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A BOOK OF BARGAINS
By VINCENT O’SULLIVAN (Leonard Smithers; 1896)

The premiere work of fiction by an author who seems destined to be known forevermore as a “friend of Oscar Wilde.” The Wilde connection is evident in the Aubrey Beardsley illustration that graces the first page of A BOOK OF BARGAINS, a collection of highly decadent minded stories in which murder and madness are constants. As the title indicates, bargains (of various sorts) are further constants of this short but resonant book whose opulent prose still resonates.

     “The Bargain of Rupert Orange” begins the collection in fitting style, with the naive pauper Rupert Orange meeting a strange old man who promises untold riches if only Orange will agree to give up his life in five years. Orange agrees to the proposal with a proviso: that he be allowed to get revenge on a woman who laid him low. The old man agrees to the bargain and, as you might guess, the results are none too pleasant, in a tale that includes a genuine social conscience and a gritty portrayal of life in late-19th Century New York City.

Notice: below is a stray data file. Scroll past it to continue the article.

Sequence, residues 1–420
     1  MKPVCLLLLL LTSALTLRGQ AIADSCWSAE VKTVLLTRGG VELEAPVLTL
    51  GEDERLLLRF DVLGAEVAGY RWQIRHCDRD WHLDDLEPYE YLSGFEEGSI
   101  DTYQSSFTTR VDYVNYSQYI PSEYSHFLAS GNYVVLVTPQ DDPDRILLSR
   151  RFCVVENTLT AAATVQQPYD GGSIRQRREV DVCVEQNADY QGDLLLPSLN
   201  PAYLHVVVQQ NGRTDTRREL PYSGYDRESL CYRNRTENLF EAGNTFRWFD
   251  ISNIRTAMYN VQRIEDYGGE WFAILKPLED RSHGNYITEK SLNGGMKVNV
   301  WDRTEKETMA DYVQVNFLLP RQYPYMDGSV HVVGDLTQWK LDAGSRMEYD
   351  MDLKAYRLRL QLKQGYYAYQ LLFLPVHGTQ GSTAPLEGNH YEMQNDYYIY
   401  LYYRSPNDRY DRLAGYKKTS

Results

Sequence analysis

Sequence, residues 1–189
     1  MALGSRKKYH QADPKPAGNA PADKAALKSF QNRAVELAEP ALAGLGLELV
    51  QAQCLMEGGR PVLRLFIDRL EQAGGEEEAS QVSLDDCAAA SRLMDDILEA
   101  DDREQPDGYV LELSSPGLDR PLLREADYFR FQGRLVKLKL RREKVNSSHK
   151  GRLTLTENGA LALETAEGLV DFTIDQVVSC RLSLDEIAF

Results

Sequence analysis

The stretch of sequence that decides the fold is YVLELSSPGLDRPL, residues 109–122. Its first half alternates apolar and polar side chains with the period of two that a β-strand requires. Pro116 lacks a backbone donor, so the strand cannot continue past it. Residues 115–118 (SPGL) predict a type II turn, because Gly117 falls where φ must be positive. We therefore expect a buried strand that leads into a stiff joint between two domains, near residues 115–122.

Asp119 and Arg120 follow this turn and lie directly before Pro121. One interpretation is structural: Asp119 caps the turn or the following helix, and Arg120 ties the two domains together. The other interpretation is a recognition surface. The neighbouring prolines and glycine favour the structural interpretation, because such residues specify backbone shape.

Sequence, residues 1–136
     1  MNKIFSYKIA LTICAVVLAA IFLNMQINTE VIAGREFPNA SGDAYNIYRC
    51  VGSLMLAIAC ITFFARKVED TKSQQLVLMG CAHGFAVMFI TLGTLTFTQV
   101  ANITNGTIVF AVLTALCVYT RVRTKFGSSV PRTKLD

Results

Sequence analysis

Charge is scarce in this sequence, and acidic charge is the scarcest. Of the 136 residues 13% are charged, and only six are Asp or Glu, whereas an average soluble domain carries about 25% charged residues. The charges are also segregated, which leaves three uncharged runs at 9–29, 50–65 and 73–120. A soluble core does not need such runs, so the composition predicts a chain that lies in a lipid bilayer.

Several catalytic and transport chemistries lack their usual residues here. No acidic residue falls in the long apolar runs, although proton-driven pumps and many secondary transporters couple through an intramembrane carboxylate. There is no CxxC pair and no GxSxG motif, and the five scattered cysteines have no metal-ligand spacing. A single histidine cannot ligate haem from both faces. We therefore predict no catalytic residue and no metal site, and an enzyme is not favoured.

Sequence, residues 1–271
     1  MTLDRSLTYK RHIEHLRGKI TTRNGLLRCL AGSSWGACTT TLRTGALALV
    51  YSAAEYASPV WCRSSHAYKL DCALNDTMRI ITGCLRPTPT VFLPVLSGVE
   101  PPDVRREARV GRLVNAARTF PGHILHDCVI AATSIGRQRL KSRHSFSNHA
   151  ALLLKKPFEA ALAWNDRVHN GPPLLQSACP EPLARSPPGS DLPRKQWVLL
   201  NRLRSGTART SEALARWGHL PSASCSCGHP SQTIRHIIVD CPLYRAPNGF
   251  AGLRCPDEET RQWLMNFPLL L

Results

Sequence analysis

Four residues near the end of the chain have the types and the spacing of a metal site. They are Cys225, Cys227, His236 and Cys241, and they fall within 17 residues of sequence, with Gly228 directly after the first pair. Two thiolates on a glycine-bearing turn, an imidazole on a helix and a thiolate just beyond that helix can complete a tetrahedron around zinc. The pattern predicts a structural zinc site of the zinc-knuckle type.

“My Enemy and Myself” deals affectingly with jealousy, murder and insanity, while “The Business of Madame Jahn” likewise contains a murder, committed by a decidedly demented individual. In “A Study in Murder” a lovesick man is driven to suicide by his “best friend,” who maliciously withholds some key information. “Original Sin” provides an unnerving look into the disturbed psyche of a child killer. “When I was Dead” reintroduces a social conscience into its account of a wealthy homeowner unable to face up to the fact that he’s deceased. The concluding story is “Hugo Raven’s Hand,” another dark account of a murderer brought low by guilt, complete with a gruesome surprise in the final pages.

     It’s difficult reading these stories today, with their relentlessly doom-laden trajectories, without taking into account the facts of their author’s life. It seems Vincent O’Sullivan lived comfortably off his family’s income until 1909, when an ill-advised financial gamble left him destitute, a calamity that’s eerily foreshadowed in these pages. 

     

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